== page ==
The march of folly, to borrow a title from the great Barbara W. Tuchman, accelerates. Bernard Kerik, former police commissioner of New York, is appointed to a top security position in the federal government, then gets exposed for crooked business practices and for having used city money to rent for trysts with two or more mistresses an apartment overlooking the remains of the World Trade Center. Critics debate what was worst: the dirty commerce, the misappropriated money, the indiscreet sex, or a love nest so near what is a hallowed site for so many. None of this matters in the official scheme of things, or gets into Kerik's bathos report. He explains he's retiring from government, and from a lucrative consultancy with former mayor Rudy Guiliani, because he's been guilty of having an illegal immigrant as a domestic servant. Right. Happens all the time.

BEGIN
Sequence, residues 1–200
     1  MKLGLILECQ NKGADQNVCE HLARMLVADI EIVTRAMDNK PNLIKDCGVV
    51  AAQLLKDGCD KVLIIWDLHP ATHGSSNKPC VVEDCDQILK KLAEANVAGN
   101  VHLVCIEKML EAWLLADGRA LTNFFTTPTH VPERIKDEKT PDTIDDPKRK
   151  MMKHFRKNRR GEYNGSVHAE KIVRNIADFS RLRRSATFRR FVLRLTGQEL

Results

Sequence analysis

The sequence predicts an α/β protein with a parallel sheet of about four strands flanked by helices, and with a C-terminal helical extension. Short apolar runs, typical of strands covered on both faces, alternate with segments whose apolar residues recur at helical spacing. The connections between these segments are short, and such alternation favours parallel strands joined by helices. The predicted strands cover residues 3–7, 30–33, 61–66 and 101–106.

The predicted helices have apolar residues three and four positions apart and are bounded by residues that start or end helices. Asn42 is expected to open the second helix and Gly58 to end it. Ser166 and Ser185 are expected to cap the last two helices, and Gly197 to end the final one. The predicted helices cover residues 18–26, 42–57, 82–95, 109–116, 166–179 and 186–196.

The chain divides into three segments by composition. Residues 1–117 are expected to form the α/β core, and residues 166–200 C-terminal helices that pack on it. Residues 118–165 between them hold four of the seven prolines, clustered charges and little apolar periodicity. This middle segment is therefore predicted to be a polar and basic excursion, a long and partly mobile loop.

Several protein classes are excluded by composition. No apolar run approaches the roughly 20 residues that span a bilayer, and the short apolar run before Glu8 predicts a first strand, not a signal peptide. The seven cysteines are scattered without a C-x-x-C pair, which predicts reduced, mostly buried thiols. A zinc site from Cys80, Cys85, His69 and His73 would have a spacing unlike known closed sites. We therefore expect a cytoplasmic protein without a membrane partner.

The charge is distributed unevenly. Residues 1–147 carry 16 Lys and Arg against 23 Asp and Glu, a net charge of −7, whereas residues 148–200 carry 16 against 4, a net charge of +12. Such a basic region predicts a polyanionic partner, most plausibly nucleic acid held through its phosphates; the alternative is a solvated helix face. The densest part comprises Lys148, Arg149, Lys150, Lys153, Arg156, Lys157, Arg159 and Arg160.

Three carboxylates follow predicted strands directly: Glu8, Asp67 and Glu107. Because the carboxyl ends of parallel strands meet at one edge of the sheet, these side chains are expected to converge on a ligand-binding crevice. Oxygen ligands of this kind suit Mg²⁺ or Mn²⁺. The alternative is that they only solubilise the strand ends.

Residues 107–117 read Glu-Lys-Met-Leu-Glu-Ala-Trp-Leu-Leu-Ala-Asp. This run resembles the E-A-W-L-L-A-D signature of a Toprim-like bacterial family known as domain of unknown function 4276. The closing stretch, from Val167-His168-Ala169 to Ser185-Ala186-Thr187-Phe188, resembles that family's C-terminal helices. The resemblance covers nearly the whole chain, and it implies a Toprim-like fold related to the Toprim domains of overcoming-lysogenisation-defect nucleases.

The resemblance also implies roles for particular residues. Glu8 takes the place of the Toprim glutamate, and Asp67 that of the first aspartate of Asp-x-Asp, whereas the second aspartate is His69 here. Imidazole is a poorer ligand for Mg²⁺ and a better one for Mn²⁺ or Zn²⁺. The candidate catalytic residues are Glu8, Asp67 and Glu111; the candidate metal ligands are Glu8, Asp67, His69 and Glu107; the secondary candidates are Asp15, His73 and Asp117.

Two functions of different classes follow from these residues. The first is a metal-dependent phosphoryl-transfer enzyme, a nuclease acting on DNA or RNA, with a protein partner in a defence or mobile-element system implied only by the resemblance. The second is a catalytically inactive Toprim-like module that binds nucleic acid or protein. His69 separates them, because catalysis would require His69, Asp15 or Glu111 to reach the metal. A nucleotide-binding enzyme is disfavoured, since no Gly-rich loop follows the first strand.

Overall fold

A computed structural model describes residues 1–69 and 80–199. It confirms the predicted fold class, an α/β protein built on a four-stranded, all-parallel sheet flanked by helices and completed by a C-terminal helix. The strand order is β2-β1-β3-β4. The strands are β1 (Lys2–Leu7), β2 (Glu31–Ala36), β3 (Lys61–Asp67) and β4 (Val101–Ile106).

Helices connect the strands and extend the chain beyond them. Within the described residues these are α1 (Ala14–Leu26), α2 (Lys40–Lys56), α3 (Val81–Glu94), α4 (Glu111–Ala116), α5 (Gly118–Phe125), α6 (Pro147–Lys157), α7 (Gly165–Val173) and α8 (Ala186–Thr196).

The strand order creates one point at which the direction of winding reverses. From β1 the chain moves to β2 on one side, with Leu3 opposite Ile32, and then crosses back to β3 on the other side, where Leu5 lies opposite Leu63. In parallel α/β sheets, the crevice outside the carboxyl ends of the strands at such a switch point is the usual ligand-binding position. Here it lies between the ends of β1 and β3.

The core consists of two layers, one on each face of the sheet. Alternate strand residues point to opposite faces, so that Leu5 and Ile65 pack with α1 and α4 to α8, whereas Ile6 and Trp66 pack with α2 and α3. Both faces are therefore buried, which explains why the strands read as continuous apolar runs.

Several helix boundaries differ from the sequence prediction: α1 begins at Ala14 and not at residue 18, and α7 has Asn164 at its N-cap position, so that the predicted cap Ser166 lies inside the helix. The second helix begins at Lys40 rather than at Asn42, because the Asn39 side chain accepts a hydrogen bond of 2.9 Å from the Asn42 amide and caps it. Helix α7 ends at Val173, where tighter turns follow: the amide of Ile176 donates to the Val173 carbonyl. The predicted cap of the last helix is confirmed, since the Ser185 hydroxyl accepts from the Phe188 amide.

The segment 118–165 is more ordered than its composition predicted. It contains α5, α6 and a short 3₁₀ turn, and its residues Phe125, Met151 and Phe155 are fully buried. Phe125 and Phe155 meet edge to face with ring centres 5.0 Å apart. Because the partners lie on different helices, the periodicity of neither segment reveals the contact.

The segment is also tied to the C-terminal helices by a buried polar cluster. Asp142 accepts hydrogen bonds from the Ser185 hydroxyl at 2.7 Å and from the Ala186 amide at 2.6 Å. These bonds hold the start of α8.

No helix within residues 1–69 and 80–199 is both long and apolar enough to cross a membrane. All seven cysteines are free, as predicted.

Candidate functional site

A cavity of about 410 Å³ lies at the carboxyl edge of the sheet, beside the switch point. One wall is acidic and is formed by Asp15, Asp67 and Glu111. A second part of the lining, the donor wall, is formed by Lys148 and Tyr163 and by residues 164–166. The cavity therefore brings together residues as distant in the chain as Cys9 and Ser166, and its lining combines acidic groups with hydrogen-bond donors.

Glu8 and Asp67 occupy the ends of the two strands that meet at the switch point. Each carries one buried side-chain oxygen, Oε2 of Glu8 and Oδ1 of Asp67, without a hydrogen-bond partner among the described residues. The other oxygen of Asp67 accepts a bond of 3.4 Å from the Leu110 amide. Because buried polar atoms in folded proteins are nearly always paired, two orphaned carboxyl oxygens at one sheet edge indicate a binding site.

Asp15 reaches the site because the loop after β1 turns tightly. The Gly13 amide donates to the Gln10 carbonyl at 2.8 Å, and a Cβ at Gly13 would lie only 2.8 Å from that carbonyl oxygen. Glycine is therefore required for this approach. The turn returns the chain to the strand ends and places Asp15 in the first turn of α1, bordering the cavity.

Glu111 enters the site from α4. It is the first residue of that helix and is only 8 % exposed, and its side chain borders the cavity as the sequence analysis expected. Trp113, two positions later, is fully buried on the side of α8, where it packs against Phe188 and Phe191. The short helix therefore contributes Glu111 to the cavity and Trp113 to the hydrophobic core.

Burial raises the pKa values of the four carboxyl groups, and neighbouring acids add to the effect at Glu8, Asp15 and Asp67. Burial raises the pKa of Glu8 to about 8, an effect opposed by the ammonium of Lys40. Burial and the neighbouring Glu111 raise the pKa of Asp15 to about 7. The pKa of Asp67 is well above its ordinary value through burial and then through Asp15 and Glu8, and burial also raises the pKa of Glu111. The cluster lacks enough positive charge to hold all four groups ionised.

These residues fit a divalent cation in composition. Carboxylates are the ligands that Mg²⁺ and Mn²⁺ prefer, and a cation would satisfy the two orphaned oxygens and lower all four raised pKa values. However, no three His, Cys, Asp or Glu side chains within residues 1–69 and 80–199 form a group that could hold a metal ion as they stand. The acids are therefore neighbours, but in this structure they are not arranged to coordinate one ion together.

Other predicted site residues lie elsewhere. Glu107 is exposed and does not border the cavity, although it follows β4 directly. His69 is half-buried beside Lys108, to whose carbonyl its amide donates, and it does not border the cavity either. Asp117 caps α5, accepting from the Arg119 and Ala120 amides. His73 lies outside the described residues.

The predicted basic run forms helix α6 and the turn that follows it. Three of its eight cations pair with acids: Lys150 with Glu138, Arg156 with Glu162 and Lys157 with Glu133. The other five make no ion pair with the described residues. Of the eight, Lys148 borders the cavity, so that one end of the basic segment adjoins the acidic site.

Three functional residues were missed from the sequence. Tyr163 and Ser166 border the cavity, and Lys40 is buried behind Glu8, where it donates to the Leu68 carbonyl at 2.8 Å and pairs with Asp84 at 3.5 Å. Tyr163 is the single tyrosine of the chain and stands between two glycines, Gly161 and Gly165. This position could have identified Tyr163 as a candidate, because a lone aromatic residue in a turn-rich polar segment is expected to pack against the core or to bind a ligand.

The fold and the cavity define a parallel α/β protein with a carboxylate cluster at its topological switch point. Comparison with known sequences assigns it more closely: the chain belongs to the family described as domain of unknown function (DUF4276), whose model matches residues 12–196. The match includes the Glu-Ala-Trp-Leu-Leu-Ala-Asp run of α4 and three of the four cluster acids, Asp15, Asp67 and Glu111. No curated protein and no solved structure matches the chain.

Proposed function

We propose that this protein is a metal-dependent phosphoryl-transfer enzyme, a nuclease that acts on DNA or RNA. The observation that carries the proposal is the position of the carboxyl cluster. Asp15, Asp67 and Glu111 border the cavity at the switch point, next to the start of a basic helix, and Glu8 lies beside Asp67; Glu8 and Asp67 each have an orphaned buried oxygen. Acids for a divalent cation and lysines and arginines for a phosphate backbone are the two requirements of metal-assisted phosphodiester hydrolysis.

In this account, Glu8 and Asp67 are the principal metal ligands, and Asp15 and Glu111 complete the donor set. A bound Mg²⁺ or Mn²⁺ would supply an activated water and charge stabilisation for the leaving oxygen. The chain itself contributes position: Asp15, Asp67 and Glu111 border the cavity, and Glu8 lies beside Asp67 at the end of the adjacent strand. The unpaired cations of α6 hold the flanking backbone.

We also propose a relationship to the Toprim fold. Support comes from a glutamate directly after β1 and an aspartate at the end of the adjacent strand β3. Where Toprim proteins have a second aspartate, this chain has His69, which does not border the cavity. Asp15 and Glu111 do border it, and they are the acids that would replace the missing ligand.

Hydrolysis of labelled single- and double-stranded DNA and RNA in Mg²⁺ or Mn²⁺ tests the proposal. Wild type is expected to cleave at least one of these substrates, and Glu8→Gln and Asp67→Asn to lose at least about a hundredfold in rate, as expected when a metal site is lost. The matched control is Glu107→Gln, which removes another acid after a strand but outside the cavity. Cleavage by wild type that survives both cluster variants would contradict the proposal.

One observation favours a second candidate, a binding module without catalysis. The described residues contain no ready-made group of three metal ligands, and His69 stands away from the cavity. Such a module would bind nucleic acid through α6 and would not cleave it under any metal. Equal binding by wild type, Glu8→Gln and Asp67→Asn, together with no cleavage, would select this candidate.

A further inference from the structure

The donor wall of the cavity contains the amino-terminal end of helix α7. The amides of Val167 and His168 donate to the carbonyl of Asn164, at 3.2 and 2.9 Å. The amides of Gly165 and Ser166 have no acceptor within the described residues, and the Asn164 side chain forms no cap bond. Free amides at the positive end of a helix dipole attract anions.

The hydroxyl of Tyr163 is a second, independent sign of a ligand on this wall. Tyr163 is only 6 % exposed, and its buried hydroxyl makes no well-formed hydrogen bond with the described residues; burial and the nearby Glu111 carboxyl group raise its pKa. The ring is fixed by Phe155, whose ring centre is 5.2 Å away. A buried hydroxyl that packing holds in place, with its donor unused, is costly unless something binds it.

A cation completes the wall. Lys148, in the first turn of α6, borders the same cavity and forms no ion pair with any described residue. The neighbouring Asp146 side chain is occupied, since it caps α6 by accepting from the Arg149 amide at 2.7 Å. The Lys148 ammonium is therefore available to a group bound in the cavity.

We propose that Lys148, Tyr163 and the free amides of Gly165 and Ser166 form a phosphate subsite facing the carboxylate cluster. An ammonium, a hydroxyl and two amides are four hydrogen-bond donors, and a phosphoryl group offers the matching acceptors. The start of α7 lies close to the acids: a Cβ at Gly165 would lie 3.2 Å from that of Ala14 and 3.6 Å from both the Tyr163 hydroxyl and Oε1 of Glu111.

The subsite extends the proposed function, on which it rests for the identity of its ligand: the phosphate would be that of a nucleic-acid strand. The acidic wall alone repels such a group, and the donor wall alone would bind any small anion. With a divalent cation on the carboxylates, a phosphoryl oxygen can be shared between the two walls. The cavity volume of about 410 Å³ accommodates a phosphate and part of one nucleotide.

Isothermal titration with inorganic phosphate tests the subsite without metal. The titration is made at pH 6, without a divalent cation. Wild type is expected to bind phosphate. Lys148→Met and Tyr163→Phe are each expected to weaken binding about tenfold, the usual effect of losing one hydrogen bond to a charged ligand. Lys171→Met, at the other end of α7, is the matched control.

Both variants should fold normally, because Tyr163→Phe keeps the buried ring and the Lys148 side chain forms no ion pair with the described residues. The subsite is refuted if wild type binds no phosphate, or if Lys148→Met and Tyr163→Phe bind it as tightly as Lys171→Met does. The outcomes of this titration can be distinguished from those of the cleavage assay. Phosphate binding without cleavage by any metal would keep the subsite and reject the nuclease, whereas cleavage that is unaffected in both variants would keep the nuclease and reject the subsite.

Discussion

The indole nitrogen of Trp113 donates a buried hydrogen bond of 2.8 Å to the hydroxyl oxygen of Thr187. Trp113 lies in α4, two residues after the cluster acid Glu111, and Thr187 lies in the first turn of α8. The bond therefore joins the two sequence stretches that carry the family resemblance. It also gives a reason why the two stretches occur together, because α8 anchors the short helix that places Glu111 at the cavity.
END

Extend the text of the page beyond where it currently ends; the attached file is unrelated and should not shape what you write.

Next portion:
Or consider the half dozen "journalists" who have recently been exposed as having been paid by the government for articles and broadcasts advocating partisan policies, or posing as reporters coming to you "live from Washington" when they were in fact impostors delivering government-scripted propaganda. In the most stunningly strange story of all, a gay prostitute and pimp who advertises his "escort" assets in seminude pictures on four websites, including one for men after "hot military studs," assumes an alias under which he represents a fake news organization, and is regularly admitted as an accredited "journalist" to White House press briefings. He helps out the president and his press secretary by lobbing them softball questions, and becomes their go-to guy when they need to evade a tough line of questioning from someone else. Eventually he overdoes it, poses a blatantly partisan question including a made-up quote from an opposition senator, and some bloggers nail him. He explains, of course, that the hue and cry against him was politically motivated. By now he is spending more time with his family, if any. There has been, so far, no comment from those who claim to hold sacred the values of the family and the honor of the armed forces.